By Daniel Hautzinger
Tracy Silverman became one of the first adopters of the electric violin in the eighties when he built a six-string, amplified instrument of his own. He faces the challenge of pitching himself to a potentially diverse audience.
When a musician sets off on a path away from established musical conventions, he takes a great risk. Possible fans may avoid the trailblazer because of difficulty in labeling him, and innovation is often unsuccessful or distasteful to most people. Classical music listeners might shun Silverman because they assume electric means raucous, while rock aficionados might assume Silverman’s Juilliard training and work with classical composers means long pieces that they don’t like.
Yet Silverman is a talented player, with attributes and music that could appeal to fans across the spectrum, as he demonstrated on July 21 at the Beachland Ballroom in Collinwood.
Silverman’s current violin looks like a mini electric guitar, and can sound like one too. In fact, one of the easiest comparisons with Silverman is to an eighties guitar hero like Joe Satriani or Steve Vai, though Silverman doesn’t shred as often. Not that he couldn’t; his technique is good enough to release flurries of notes, as he demonstrated at the Beachland in improvisations around a Bach piece and “Mojo Perpetuo” from his second electric violin concerto, Axis and Orbits.
Like Satriani, Silverman is obsessed with effects. He seems so excited that he can change the sound of his instrument that he never allows the pure tone of a violin to emerge unaltered. Distortion, wah-wah, and echo effects were effective in selections like Kenji Bunch’s concerto for Silverman, Embrace, or Jimi Hendrix’s 1983, where looped riffs were layered to create an intricate soundscape, but by the end of the night the constant reverb had become an intrusive distraction.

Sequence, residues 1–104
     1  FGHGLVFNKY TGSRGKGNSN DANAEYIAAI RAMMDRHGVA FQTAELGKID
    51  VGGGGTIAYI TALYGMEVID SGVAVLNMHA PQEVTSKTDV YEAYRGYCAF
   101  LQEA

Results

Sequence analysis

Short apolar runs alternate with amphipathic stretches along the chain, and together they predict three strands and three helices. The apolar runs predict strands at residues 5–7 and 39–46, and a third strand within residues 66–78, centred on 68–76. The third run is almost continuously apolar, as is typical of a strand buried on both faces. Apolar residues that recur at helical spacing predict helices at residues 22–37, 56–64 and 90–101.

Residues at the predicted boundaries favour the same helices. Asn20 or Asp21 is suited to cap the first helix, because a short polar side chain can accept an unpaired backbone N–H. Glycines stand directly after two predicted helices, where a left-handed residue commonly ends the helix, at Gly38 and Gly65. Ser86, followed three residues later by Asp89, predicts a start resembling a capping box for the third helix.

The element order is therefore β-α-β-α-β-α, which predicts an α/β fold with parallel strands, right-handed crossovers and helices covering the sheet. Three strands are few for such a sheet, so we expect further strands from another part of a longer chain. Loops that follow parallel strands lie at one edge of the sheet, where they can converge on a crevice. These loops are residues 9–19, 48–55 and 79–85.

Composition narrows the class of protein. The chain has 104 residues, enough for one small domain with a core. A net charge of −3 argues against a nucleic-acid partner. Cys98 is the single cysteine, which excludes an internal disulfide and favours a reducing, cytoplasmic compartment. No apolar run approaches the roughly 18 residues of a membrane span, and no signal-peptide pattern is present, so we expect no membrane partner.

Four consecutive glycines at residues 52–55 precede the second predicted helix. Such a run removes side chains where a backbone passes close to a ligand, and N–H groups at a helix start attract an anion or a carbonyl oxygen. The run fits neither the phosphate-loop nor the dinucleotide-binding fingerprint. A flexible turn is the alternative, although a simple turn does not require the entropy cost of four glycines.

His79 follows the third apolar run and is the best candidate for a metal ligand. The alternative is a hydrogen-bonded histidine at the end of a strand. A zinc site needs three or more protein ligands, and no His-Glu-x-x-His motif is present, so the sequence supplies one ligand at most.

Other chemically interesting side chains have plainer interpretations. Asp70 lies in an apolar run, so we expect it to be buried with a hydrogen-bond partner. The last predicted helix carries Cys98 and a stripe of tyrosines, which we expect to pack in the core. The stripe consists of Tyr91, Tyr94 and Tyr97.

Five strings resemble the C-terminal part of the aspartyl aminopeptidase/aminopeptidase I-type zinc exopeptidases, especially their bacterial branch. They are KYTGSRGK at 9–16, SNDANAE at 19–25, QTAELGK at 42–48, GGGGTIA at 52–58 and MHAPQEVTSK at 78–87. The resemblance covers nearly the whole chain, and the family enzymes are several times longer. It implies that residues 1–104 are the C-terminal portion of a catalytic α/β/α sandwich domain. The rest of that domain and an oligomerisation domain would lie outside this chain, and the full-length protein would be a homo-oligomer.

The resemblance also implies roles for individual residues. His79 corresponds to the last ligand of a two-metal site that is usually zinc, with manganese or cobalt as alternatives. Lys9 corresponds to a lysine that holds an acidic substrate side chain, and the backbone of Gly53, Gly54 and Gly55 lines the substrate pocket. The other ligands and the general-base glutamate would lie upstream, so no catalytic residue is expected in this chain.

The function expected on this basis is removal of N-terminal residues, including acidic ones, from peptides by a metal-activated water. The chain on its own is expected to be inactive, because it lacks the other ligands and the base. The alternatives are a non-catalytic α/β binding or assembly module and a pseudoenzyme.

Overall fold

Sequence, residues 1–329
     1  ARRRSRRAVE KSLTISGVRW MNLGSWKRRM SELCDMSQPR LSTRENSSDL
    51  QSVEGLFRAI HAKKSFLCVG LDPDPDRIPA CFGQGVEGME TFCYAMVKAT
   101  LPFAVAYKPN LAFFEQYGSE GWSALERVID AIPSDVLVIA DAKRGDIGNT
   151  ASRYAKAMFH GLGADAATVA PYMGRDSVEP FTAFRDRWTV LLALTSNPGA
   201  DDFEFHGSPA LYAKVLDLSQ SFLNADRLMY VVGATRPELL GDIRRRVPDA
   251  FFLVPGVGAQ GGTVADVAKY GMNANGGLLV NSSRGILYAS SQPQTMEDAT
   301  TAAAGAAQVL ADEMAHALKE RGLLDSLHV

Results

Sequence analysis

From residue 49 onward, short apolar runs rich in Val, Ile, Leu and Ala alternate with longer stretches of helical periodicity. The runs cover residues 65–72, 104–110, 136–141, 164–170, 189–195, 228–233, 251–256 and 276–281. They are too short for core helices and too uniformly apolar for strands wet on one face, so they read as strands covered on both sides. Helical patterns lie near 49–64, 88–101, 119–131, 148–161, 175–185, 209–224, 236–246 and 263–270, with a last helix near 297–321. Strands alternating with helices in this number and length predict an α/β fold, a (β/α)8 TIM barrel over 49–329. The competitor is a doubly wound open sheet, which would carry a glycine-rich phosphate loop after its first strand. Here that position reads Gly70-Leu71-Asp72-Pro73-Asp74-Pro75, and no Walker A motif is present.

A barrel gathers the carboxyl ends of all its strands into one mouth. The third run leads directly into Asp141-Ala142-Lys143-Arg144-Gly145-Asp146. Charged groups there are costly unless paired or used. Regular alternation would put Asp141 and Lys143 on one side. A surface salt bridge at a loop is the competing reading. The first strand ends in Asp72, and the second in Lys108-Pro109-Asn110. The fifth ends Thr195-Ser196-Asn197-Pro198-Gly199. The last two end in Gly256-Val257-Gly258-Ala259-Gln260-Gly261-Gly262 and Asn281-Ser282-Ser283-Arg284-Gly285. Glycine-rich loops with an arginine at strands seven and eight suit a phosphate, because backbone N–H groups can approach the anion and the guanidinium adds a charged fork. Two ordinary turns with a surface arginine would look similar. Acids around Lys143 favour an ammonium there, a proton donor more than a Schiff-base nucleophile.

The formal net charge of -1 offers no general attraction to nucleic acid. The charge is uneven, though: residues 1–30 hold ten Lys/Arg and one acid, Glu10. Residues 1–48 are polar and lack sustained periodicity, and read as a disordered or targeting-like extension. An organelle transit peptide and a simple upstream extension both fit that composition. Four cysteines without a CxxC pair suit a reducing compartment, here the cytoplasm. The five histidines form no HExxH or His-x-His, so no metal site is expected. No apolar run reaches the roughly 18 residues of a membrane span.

The electric violin opens up other possibilities as well: the two extra strings expand the instrument’s range to include thick bass notes. In Silverman’s own Matisse: La Danse, the extra notes allowed him to take on the role of bassist and guitar soloist, providing his own harmonic underpinning.
Loop pedals are also an essential tool for Silverman. They let him create solo performances of concertos composed for him like his own, Bunch’s or John Adams’s The Dharma at Big Sur. In excerpts from Dharma, he slowly built up the wide, peaceful chords of the original orchestration before launching into the mesmerizing, rhapsodic solo part.
Despite the versatility and potential of the electric violin, it seems like Silverman is still groping for a musical style to fully exploit the many possibilities of his instrument. While his music is already enjoyable, I can’t help but feel that there is an undiscovered genre or use for the electric violin that would lead to widespread adoption by other musicians. Hopefully Silverman’s search will find it.
Published on ClevelandClassical.com July 25, 2014.
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